However, “Show, Don’t Tell” is only the default rule. There are always exceptions. First, some things aren’t important enough to the story or to establishing the scene to merit showing. Second, when dealing with anything supernatural or out of the ordinary expected experience of a reader, some telling is merited.

In fantasy and sci-fi, for example, a character may use technology or special powers unique to the story world and thus unfamiliar to the reader. A good way of doing this is to adjust the rule and play Show and Tell. The reader gets a description of what this mysterious thing looks like or what happens when it is used, and then they get a snippet of information about it.

Something similar applies to unfamiliar concepts in other writing. A religious piece might need to explain some of the theology or background information supporting the provided description. A non-fiction piece might relate the unknown new to something the average reader would understand.

Whle this is “telling” and thus arguably forbidden, it helps ground the reader in the reality of the setting. When I critique and find myself reading a showy description that leaves me clueless about what just happened, that’s something to note for the writer’s attention and revision. Likewise, when I find a useful tidbit of telling coupled with showing, I try to highlight that and praise the writer’s effort.

Because, as always, critiquing is about building up more skillful and confident writers. A thorough critique doesn’t just tell them “Good job.” It shows them what works, what doesn’t, and where to go from there.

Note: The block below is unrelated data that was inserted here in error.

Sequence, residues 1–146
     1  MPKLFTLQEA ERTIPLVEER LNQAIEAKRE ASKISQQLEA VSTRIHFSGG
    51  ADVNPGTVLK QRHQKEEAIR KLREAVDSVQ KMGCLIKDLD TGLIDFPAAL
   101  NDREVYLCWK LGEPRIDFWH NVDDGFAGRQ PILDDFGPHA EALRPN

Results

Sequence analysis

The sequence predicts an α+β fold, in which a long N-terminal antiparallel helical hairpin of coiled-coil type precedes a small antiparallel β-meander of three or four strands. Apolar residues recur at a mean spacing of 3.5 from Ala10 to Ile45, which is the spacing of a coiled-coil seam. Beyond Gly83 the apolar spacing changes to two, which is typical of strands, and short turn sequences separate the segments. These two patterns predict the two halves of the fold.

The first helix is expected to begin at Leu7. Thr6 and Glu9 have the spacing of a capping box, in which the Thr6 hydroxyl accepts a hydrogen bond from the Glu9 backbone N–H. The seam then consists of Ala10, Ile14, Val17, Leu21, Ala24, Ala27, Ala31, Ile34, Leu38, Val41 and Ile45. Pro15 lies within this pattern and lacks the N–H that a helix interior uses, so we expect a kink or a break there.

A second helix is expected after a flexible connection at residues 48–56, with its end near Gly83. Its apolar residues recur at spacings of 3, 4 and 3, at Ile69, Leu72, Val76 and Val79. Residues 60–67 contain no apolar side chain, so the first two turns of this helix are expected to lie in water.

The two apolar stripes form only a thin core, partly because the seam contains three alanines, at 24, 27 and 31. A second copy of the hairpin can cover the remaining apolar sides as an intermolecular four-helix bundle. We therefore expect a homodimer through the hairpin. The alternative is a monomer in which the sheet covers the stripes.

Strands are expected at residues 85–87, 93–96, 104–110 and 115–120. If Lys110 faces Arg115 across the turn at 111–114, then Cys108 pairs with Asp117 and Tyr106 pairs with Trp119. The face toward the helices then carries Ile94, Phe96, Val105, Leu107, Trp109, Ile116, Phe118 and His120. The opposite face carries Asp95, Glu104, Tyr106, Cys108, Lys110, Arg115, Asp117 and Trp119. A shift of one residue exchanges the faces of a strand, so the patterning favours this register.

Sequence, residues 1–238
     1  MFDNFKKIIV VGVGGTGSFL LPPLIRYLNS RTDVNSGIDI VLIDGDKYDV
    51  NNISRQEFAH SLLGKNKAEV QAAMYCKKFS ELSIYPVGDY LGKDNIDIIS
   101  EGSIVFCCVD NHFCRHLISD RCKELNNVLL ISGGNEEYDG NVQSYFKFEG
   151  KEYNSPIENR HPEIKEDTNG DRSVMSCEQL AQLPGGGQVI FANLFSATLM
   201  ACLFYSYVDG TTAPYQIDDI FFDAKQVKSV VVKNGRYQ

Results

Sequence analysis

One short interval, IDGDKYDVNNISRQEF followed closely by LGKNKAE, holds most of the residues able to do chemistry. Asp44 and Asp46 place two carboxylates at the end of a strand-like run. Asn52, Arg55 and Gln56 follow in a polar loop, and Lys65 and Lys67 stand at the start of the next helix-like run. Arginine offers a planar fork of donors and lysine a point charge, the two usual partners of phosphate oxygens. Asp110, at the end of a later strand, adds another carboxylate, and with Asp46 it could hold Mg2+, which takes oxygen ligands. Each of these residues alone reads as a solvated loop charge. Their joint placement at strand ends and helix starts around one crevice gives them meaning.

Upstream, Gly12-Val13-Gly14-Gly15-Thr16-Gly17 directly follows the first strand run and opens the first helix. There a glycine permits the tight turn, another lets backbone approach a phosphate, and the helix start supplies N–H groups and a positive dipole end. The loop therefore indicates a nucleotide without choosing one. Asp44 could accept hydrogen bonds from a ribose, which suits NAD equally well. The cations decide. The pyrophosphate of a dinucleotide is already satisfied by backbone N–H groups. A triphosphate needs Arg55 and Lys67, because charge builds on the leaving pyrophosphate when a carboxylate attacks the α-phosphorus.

Where are we going from here on the A to Z blog challenge? Well, I feel like a Time Lord writing this, but tomorrow in the future, we get to visit the present and the past. Grab your sonic screwdriver and charge up the flux capacitor. Get in your T.A.R.D.I.S. or deLorean, because things are going to get tense.

Elements of Critique: Background

As part of the A to Z Blogging Challenge of 2014, I am posting every day in April on topics arranged alphabetically. My theme for this year is Elements of Critique.

That’s all the background information I need to convey.

Whether writing fiction or nonfiction, one of the aspects of writing that can trip us up is the background. If we give too much time to it, we end up boring the reader or distracting them from the present story we’re telling. If we give too little, the reader may have no context or understanding why the story we’re telling matters.

For example, in a historical fiction piece or nonfiction article about a battle in World War II, a writer might feel the reader needs to know a chain of events that led up to this moment. So the writer starts the story or account with long paragraphs documenting the war effort up to that point, explaining the strategic importance of different battles, and detailing various troop movements around the war zone.